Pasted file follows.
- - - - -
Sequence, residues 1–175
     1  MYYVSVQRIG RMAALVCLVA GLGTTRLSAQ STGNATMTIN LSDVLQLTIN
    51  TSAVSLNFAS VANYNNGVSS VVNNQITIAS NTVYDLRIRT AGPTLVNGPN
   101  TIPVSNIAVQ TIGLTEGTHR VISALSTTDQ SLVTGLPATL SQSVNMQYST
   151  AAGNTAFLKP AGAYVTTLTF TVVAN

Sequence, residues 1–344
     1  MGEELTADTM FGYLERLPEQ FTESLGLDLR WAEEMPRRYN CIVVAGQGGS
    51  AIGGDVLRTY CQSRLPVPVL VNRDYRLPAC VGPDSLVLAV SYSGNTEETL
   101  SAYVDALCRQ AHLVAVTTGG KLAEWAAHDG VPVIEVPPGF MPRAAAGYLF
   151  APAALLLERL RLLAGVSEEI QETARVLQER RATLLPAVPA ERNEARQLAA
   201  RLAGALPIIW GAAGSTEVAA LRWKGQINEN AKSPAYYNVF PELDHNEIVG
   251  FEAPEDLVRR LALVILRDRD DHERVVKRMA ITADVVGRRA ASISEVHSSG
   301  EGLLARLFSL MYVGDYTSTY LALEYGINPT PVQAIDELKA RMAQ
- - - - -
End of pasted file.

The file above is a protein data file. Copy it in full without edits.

Sequence, residues 1–175
     1  MYYVSVQRIG RMAALVCLVA GLGTTRLSAQ STGNATMTIN LSDVLQLTIN
    51  TSAVSLNFAS VANYNNGVSS VVNNQITIAS NTVYDLRIRT AGPTLVNGPN
   101  TIPVSNIAVQ TIGLTEGTHR VISALSTTDQ SLVTGLPATL SQSVNMQYST
   151  AAGNTAFLKP AGAYVTTLTF TVVAN

Sequence, residues 1–344
     1  MGEELTADTM FGYLERLPEQ FTESLGLDLR WAEEMPRRYN CIVVAGQGGS
    51  AIGGDVLRTY CQSRLPVPVL VNRDYRLPAC VGPDSLVLAV SYSGNTEETL
   101  SAYVDALCRQ AHLVAVTTGG KLAEWAAHDG VPVIEVPPGF MPRAAAGYLF
   151  APAALLLERL RLLAGVSEEI QETARVLQER RATLLPAVPA ERNEARQLAA
   201  RLAGALPIIW GAAGSTEVAA LRWKGQINEN AKSPAYYNVF PELDHNEIVG
   251  FEAPEDLVRR LALVILRDRD DHERVVKRMA ITADVVGRRA ASISEVHSSG
   301  EGLLARLFSL MYVGDYTSTY LALEYGINPT PVQAIDELKA RMAQ